A stylistically polarizing effort, A Touch of Sin travels the path of least resistance in exploring socioeconomic and political unrest in mainland China, intermittently employing wuxia ideologies among sporadic bits of violent brutality. Skillfully woven together, a series of four distinct vignettes are told in succession, each of which sport their own sense of discernible individuality as basal unifying nods to each other exist to emphasize the wraparound misfortune of these respective livelihoods. From initially and unsuccessfully tackling local corruption in a peaceful manner to supporting one’s family any which way he can, the aforementioned violent outbursts rarely seem out of place as desperate final means of righting what’s wrong.
Narratively speaking, A Touch of Sin rarely breaks new thematic ground as it opts to instead play the sympathy card, our establishment of substantial or tenuous emotional bonds with the central characters playing a heavier-than-average role. Needless to say, the film’s aptly humanistic flair overpowers agreeably thin jabs at cultural commentary, most of which serve only to justify the necessarily brash last-ditch efforts these individuals are driven to take. An appropriately nuanced melancholic tone forgoes unevenness, mirroring the film’s unilateral intentions in addressing its easily identifiable inspirations.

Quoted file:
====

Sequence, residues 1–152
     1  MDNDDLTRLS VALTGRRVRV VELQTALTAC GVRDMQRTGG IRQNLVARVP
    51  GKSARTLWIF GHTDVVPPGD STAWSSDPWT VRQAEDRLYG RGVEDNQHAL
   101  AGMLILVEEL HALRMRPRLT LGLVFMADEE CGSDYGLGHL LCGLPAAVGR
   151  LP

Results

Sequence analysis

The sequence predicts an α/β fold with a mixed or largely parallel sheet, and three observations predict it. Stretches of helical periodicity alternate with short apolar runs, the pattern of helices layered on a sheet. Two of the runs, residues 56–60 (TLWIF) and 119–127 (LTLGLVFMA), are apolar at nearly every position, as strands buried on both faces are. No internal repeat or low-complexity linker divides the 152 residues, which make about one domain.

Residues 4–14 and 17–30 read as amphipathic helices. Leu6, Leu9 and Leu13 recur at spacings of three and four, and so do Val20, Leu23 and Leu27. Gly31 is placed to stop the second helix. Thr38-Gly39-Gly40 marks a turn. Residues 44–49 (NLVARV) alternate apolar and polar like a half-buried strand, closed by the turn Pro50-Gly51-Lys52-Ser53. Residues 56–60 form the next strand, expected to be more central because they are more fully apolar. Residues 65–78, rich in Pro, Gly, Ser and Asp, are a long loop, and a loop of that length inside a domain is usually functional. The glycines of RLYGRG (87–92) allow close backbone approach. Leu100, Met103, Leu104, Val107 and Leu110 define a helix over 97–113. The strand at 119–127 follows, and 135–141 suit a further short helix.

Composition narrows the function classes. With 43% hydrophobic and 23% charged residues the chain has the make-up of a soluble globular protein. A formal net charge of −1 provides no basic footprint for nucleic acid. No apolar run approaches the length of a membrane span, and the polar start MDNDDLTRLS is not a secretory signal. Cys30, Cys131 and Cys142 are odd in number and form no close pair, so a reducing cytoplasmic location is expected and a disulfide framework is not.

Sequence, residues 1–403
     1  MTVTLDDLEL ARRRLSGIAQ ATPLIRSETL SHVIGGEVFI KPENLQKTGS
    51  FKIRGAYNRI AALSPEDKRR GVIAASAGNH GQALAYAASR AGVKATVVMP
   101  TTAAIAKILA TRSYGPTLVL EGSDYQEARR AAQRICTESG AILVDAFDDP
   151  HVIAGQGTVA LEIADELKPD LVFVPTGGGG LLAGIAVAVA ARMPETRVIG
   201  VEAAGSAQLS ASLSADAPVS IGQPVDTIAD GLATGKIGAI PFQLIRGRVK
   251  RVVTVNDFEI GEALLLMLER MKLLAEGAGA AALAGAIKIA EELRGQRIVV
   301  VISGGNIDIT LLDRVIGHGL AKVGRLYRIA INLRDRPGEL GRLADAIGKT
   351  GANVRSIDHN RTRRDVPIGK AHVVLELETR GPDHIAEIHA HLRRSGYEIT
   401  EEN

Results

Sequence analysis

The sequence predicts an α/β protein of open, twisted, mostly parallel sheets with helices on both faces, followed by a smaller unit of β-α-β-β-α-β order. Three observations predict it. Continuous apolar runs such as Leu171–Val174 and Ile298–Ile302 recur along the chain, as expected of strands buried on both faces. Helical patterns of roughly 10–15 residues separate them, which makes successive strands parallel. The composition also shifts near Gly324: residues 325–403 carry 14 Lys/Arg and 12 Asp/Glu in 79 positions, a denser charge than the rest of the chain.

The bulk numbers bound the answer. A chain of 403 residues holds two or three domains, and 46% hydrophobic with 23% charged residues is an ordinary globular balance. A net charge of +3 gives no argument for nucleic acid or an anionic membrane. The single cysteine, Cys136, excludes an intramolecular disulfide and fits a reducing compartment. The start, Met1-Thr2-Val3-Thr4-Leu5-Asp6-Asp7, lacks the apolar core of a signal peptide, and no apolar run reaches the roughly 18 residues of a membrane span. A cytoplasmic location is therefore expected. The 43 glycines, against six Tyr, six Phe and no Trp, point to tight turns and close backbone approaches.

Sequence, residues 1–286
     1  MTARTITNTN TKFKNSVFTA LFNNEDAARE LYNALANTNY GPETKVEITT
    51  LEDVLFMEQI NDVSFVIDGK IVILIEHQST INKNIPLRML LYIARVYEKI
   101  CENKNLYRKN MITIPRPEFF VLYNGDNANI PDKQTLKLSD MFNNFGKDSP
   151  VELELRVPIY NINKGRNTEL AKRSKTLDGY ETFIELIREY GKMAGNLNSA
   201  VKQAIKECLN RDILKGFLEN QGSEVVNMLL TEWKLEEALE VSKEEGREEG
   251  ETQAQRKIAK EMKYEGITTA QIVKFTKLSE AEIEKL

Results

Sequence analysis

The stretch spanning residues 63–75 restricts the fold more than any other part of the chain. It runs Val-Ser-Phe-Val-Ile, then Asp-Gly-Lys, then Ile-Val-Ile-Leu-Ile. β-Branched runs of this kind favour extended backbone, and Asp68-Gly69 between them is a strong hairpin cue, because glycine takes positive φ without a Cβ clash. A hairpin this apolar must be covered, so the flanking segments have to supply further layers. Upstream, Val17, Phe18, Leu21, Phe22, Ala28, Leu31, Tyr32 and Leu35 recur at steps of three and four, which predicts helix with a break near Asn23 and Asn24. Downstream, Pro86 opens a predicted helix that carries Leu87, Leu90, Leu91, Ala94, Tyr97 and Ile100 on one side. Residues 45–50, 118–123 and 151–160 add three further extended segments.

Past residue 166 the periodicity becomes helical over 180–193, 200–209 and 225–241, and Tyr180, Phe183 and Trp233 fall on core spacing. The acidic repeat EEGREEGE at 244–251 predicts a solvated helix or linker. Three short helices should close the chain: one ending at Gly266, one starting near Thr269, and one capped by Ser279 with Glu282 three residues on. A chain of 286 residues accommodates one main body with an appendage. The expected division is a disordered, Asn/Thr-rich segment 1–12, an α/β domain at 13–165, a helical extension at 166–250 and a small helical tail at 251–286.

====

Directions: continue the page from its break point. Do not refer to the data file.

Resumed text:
As a unified whole, the film decidedly sidesteps propaganda to embrace an accessible, frequently hard-hitting emotional underbelly. Tapping into the psyche of the affected civilians at its core, A Touch of Sin is a fine example of solid, region-centric storytelling that asserts its strengths over that which the more critical could – and will – predictably gripe about. Whether you do or don’t condone the jarring violence permeating each bout of conflict resolution, A Touch of Sin‘s presentational confidence and effectiveness transform it into an identifiably engaging effort, even despite the issue of segmented narratives varying in terms of the strength of their parts.